Stepping up

Who’s got two thumbs and just got elected new chair of the Renton Municipal Arts Commission? This girl!

The opportunity to join the Renton Municipal Arts Commission came to me within a year of my gallery, happy delusions, closure in 2013. Many friends, artists, and community members had tried for years to get me to join. I had been skeptical. I had many friends tell many stories about their time serving on the Arts Commission. I watch many of these high functioning individuals get burned out. I hid behind my gallery, saying I didn’t have the time. And I didn’t.

Licking my wounds

After my gallery closed I took some time to re-evaluate my life. I took time cleaning up any loose ends left over from the closure. I went to work for someone else. I started to feel like all my work in the community had lost its place. I gave my ego time to settle down, and my mind time to grieve the loss of closing. Then I was ready to get back to the things that mattered to me.

Art & Community

Let’s face it, you don’t open a maker space in your hometown unless you feel on some level the importance of these two things. It takes me 15 minutes to be in downtown Seattle where there are far more people. Far more foot-traffic. Far more opportunities for working with an established arts community. And as I saw it, far more opportunities to get lost in the crowd.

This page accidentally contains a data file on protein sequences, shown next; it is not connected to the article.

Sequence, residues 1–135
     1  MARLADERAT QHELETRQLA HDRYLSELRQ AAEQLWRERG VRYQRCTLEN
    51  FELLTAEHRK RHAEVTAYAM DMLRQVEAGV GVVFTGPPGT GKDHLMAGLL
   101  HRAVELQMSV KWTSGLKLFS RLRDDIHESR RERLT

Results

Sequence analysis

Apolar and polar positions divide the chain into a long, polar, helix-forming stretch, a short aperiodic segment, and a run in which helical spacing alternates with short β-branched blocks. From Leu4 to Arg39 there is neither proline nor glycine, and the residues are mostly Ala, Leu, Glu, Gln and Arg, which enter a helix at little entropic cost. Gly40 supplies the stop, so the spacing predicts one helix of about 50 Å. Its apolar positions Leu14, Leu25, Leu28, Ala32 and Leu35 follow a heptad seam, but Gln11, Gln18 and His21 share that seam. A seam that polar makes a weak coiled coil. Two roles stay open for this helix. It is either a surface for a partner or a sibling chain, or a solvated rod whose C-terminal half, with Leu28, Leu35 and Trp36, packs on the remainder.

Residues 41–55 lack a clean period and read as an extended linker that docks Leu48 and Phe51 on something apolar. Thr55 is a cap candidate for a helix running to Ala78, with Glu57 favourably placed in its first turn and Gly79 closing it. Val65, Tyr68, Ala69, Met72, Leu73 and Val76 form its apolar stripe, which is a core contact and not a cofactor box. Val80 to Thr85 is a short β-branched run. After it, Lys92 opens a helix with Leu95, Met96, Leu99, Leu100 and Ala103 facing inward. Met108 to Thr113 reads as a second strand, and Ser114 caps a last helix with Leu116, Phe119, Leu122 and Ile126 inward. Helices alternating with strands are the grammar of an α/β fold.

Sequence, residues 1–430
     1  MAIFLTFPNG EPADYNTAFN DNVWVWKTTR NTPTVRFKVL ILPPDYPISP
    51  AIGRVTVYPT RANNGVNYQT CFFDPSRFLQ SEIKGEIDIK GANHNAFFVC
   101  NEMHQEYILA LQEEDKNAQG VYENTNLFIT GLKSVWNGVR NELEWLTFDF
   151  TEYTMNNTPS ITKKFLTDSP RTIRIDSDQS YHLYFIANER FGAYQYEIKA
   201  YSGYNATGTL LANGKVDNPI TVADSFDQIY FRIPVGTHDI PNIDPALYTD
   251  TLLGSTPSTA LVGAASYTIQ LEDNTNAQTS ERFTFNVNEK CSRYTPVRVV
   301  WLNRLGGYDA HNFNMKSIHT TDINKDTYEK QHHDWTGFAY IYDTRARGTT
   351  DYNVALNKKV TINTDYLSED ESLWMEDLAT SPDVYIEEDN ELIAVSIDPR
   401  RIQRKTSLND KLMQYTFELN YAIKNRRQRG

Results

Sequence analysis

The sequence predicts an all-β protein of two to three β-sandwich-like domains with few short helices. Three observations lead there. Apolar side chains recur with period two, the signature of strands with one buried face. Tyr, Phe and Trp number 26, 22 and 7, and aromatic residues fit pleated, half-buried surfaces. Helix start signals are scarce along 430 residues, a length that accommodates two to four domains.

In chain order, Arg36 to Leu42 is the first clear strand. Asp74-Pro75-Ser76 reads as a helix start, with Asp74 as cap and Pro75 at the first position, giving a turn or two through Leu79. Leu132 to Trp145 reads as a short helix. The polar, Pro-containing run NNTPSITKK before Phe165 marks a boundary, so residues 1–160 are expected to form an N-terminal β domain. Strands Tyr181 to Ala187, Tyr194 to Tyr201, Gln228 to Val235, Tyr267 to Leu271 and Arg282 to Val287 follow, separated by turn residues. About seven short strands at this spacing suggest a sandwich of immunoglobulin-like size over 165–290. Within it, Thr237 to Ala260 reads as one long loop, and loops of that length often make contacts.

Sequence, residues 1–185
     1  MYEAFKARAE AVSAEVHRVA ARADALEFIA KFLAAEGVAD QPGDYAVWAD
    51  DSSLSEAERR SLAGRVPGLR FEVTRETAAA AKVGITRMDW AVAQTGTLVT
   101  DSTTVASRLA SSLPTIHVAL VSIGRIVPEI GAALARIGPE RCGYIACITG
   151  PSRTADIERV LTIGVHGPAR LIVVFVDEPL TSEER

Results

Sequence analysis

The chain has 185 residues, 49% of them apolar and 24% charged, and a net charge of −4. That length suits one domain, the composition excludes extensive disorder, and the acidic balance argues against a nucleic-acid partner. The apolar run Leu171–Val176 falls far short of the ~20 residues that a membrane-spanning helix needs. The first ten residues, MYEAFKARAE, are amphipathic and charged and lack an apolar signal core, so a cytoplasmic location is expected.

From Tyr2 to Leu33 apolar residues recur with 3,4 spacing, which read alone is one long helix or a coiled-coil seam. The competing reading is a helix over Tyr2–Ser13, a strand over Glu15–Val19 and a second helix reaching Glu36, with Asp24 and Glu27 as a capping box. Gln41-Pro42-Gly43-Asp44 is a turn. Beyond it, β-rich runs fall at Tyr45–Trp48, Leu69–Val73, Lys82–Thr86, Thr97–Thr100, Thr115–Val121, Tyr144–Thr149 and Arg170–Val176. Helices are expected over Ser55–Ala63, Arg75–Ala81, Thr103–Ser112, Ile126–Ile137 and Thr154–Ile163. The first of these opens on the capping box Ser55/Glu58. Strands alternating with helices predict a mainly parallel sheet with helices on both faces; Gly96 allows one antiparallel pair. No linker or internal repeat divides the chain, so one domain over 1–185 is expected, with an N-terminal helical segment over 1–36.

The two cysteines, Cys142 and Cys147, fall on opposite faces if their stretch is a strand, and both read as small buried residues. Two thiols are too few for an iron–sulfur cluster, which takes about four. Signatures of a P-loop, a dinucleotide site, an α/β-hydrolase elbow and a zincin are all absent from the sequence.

Bringing Art to Renton

It would be incorrect if I said these opportunities weren’t available in Renton. Any local community has some sort of art happening all the time. I just wasn’t in that circle, and frankly, I felt most of what I was seeing in the arts was directed towards an older demographic. I just couldn’t find my niche. So I opened my gallery, happy delusions. In its five years, it supported over 500 local artists. It was very rewarding seeing all these artists and makers step forward to show their work in my gallery. 

One of the unexpected beauties of this was that I became a voice for this demographic missed in my community art scene. Artists and community members rallied around me to speak for them. 

Rising up as an arts advocate 

I started getting involved with the city of Renton. Started going to the public meeting, and started engaging with the City council members. Stepping up my game by proposing ideas to the Renton Municipal Arts Commission. Slowly I started to understand more about the ins and out of getting projects funded. I started to see issues that I wanted to be involved in. Issues that would help the community I love become more art-centered. And how do you do that? Well, you get involved.

Joining the Arts Commission was a no brainer.

At this point, a seat had opened up and I took the interview. I was happy to see so many familiar faces on the board. Like any committee I’ve ever had the pleasure of serving on, it takes a minute to get up to speed. 

We had a lot of work to do.